Aaron Kreag had been an Army combat medic and a security contractor in Iraq, but tactical training came in handy last year while driving to the movies with his wife.
It was the day after Christmas, and the couple hoped to catch a matinee in the Dallas-Fort Worth area. They had almost reached the theater when Kreag noticed a red sports utility vehicle stopped in the right-turn lane of an intersection.
RELATED STORY: 7 Things to Know About Domestic Violence
“The driver-side door was ajar and stuff was flying out the passenger side—belongings and clothing,” Kreag recalled. “My first thought was maybe this was a medical emergency.” Kreag got out to help, but he soon realized the driver was beating a woman in the passenger seat.
“He was punching the heck out of her,” Kreag explained. “Then he goes from punches to elbows. She’s hunched over, not defending herself, and he’s raining these sharp elbows on her head and neck.”
Kreag, a self-defense and CCW license instructor, drew his .45-caliber pistol and saw the attacker’s rage shift from the woman to him.
RELATED STORY: Domestic Violence – Understanding The Abuser And The Abused
“I’m telling him, ‘Show me your hands, get out of your vehicle, get on the ground,’” Kreag recalled. “By this time he’s really amped up, breathing heavy, and we’re hollering back and forth at each other.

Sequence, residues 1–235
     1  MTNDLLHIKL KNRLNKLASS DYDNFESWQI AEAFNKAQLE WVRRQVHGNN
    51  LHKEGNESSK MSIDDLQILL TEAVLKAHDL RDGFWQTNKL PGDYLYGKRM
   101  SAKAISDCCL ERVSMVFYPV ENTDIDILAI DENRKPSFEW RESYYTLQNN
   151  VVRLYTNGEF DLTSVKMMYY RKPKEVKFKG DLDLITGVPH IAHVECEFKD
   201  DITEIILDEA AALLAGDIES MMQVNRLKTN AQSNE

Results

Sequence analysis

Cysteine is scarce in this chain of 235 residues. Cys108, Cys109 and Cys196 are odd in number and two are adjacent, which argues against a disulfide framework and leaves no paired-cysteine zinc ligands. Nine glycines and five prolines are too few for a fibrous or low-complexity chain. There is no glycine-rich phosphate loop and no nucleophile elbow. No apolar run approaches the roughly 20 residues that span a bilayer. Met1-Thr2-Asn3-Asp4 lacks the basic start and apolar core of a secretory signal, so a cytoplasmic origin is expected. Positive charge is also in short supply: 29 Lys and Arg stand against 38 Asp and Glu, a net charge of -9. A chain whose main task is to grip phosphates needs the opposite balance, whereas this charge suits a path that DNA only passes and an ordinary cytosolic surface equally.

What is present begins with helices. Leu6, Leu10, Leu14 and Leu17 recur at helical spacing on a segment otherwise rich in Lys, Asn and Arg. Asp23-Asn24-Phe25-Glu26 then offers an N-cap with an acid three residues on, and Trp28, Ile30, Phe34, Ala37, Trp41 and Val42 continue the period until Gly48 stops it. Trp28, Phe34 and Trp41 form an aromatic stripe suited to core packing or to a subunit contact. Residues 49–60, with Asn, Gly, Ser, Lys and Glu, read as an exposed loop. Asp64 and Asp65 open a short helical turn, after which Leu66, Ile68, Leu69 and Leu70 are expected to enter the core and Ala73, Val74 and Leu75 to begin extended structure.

“He slowly complied and got out of the vehicle, but he was still hollering at me, saying, ‘Don’t shoot me! You’re going to shoot me!’”
Kreag continued, “I was thinking, I need to de-escalate this if I can. I said, ‘I will take my finger off the trigger and relax a bit if you do the same. Stay calm and we’ll be good.’ That kind of took things down a few notches.”
RELATED STORY: 11 Domestic Violence Statistics
Patrol officers arrived with weapons drawn. They ordered Kreag to put his pistol on the pavement, and he complied. Both were cuffed, but once officers figured out what happened, Kreag was released and the driver went to jail.
Kreag said he had no regrets after the incident. “I’m just glad it did end the way it ended.”
Tell Us Your Story: Combat Handguns pays $100 for each “It Happened to Me!” letter that we print. Send yours to Combat Handguns, 1115 Broadway, New York, NY, 10010, or e-mail to firstname.lastname@example.org. Please include your full name, address, email and phone number (including area code). A signed release is required prior to publication.